Keywords: Natural interest rate, interest rate gap, Holston, Laubach, and Williams model, MAKPAM Model
    JEL: C32 E43 E52 O40
    Date: 2023
  27. By: Kris J. Mitchener; Angela Vossmeyer; Kris James Mitchener
    Abstract: We examine how financial crises redistribute risk, employing novel empirical methods and micro data from the largest financial crisis of the 20th century – the Great Depression. Using balance-sheet and systemic risk measures at the bank level, we build an econometric model with incidental truncation that jointly considers bank survival, the type of bank closure (consolidations, absorption, and failures), and changes to bank risk. Despite roughly 9, 000 bank closures, risk did not leave the financial system; instead, it increased. We show that risk was redistributed to banks that were healthier prior to the financial crisis. A key mechanism driving the redistribution of risk was bank acquisition. Each acquisition increases the balance-sheet and systemic risk of the acquiring bank by 25%. Our findings suggest that financial crises do not quickly purge risk from the system, and that merger policies commonly used to deal with troubled financial institutions during crises have important implications for systemic risk.
    Keywords: Bayesian inference, financial crises, sample selection, mergers, banking networks
    JEL: G21 C30 N12
    Date: 2023
  28. By: Baros Aleksandra; Croci Ettore; Girotti Mattia; Salvadè Federica
    Abstract: This paper provides novel evidence that information salience shapes banks’ lending decisions. We use a setting in which information about a borrower’s payment default on trade bills is available to all banks, but it appears more prominently to the bank managing the payment transaction (the reporting bank). We show that reporting banks reduce lending to defaulting borrowers more than other lenders. This effect is more pronounced when the default information presents salient attributes unrelated to the borrower’s creditworthiness and for the branch of the reporting bank that directly observes the missed payment. Information gaps between the reporting bank and other lenders cannot explain our findings.
    Keywords: Bank Lending, Payment Defaults, Salience, Information Sharing Mechanisms
    JEL: G21 G32 G40
    Date: 2023
  29. By: Arnav Hiray; Agam Shah; Sudheer Chava
    Abstract: Over the last decade, the cryptocurrency market has experienced unprecedented growth, emerging as a prominent financial market. As this market rapidly evolves, it necessitates re-evaluating which cryptocurrencies command the market and steer the direction of blockchain technology. We implement a network-based cryptocurrency market analysis to investigate this changing landscape. We use novel hourly-resolution data and Kendall's Tau correlation to explore the interconnectedness of the cryptocurrency market. We observed critical differences in the hierarchy of cryptocurrencies determined by our method compared to rankings derived from daily data and Pearson's correlation. This divergence emphasizes the potential information loss stemming from daily data aggregation and highlights the limitations of Pearson's correlation. Our findings show that in the early stages of this growth, Bitcoin held a leading role. However, during the 2021 bull run, the landscape changed drastically. We see that while Ethereum has emerged as the overall leader, it was FTT and its associated exchange, FTX, that greatly led to the increase at the beginning of the bull run. We also find that highly-influential cryptocurrencies are increasingly gaining a commanding influence over the market as time progresses, despite the growing number of cryptocurrencies making up the market.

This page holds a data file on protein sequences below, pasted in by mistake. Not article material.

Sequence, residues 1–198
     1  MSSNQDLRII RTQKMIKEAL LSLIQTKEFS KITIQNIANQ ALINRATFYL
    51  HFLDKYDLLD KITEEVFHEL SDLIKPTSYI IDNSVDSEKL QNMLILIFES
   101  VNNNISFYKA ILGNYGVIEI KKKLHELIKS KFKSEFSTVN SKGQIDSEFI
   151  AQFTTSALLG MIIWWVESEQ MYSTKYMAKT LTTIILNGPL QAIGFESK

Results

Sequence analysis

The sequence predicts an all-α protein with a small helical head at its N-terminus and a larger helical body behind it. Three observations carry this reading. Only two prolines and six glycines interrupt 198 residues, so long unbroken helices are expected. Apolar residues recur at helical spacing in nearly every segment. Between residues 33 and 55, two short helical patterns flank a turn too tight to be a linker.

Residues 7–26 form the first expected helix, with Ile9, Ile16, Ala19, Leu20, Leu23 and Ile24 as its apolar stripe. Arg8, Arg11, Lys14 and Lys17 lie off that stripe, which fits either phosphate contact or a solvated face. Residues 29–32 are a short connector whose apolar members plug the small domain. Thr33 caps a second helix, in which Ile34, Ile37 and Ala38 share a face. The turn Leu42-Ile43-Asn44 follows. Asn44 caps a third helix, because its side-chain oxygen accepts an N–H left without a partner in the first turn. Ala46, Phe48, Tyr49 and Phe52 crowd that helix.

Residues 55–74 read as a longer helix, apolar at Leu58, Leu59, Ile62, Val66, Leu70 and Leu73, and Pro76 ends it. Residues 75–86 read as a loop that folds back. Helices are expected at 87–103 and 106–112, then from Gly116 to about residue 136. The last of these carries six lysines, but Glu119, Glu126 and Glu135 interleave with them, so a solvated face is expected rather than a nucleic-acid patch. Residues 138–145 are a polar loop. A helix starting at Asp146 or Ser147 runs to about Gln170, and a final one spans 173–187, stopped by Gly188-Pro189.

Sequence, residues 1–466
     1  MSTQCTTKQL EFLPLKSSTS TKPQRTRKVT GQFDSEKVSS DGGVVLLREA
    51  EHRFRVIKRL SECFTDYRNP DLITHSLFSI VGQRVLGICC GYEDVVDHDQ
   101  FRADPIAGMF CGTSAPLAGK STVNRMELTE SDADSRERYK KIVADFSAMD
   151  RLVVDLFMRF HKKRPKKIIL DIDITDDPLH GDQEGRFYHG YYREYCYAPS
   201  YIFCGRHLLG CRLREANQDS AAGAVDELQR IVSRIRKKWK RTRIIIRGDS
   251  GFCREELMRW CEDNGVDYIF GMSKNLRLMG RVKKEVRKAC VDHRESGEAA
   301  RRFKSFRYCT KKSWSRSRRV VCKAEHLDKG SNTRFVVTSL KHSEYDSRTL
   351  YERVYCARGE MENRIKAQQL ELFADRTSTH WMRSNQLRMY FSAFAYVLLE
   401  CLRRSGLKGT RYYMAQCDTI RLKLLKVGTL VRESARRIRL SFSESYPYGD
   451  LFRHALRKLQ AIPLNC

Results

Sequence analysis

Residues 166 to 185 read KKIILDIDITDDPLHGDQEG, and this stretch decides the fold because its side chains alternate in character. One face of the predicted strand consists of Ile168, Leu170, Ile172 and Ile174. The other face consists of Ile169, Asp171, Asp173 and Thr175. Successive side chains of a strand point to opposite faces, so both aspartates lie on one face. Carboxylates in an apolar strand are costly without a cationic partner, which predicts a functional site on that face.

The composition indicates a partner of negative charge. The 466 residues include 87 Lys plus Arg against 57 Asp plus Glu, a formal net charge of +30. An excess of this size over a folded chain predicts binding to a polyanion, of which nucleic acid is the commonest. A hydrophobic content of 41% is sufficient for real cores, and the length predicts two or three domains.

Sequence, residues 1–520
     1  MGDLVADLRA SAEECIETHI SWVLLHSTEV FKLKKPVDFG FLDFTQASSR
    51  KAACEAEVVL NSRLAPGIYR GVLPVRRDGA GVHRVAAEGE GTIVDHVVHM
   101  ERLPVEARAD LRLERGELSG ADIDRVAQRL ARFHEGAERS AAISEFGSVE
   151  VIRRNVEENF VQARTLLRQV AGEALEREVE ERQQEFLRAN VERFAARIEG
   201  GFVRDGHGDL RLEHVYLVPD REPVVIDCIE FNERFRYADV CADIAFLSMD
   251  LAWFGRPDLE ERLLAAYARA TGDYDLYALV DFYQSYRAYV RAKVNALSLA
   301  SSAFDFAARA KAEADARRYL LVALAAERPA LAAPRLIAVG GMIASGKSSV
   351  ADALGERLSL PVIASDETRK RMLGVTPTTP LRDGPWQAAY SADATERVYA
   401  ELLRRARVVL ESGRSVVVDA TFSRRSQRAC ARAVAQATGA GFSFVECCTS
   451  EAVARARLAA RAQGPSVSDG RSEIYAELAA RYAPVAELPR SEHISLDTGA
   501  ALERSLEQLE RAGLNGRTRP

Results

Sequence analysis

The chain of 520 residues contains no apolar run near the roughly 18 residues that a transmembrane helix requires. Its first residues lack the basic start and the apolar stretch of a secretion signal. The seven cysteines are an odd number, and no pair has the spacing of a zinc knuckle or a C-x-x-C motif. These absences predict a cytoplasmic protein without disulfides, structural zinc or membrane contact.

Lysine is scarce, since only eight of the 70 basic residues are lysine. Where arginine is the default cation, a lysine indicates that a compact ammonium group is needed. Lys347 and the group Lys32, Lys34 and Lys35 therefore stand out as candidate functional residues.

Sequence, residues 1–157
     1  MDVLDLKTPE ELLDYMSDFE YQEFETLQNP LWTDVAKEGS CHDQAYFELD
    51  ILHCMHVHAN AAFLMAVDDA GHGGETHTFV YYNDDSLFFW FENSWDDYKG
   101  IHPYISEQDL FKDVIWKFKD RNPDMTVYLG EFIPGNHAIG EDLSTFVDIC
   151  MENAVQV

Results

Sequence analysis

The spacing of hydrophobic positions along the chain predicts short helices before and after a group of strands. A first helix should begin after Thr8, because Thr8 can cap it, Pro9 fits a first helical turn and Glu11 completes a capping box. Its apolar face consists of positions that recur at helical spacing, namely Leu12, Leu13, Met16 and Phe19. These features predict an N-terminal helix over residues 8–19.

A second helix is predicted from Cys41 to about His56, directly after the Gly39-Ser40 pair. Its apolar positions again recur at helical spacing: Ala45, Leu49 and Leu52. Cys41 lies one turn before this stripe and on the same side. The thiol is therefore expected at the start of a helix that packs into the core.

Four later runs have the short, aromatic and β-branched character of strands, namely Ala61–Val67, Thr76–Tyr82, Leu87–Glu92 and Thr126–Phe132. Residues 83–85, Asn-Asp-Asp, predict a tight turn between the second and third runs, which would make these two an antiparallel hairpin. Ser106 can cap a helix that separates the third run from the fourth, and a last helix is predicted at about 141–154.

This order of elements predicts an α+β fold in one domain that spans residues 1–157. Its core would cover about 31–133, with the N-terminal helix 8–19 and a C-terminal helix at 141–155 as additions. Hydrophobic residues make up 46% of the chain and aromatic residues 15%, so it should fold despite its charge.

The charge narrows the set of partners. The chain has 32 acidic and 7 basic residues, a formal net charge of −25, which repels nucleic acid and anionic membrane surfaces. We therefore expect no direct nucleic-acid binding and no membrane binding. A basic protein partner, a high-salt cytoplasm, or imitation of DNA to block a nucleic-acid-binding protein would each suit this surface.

Date: 2023–07
  30. By: Anik Ashraf (LMU Munich); Elizabeth Lyons (University of California San Diego)
    Abstract: In this paper, we study the complementarity between business training and access to financial capital for small and medium enterprises (SMEs) in Kenya. All participants in a business training program are offered training. One-third of participants are offered loans immediately after training (Concurrent Loan group), one-third are offered loans six weeks after training (Delayed Loan group), and the remaining third are offered loans after another four weeks (Control group). While a long delay between training and loans may reduce knowledge retention and application by SMEs in the presence of complementarity, concurrent access to loans and associated business spending may crowd out the entrepreneurs' attention from improving business practices. We find evidence for the latter in both intention-to-treat and treatment-on-the-treated estimates. While SMEs in both Control and Delayed Loan groups improve their business practices, SMEs in the Concurrent Loan group who take loans do not improve their practices at all. Moreover, entrepreneurs who take loans spend less time on their businesses and their business revenue falls. Our evidence is consistent with the entrepreneurs in our study using loans to substitute for their income.
    Keywords: business training; access to finance;
    JEL: O12 L26 M53
    Date: 2023–08–09
  31. By: Georgios Bampinas (Panteion University of Social and Political Sciences); Theodore Panagiotidis (UoM - University of Macedonia [Thessaloniki]); Panagiotis Politsidis (Audencia Business School)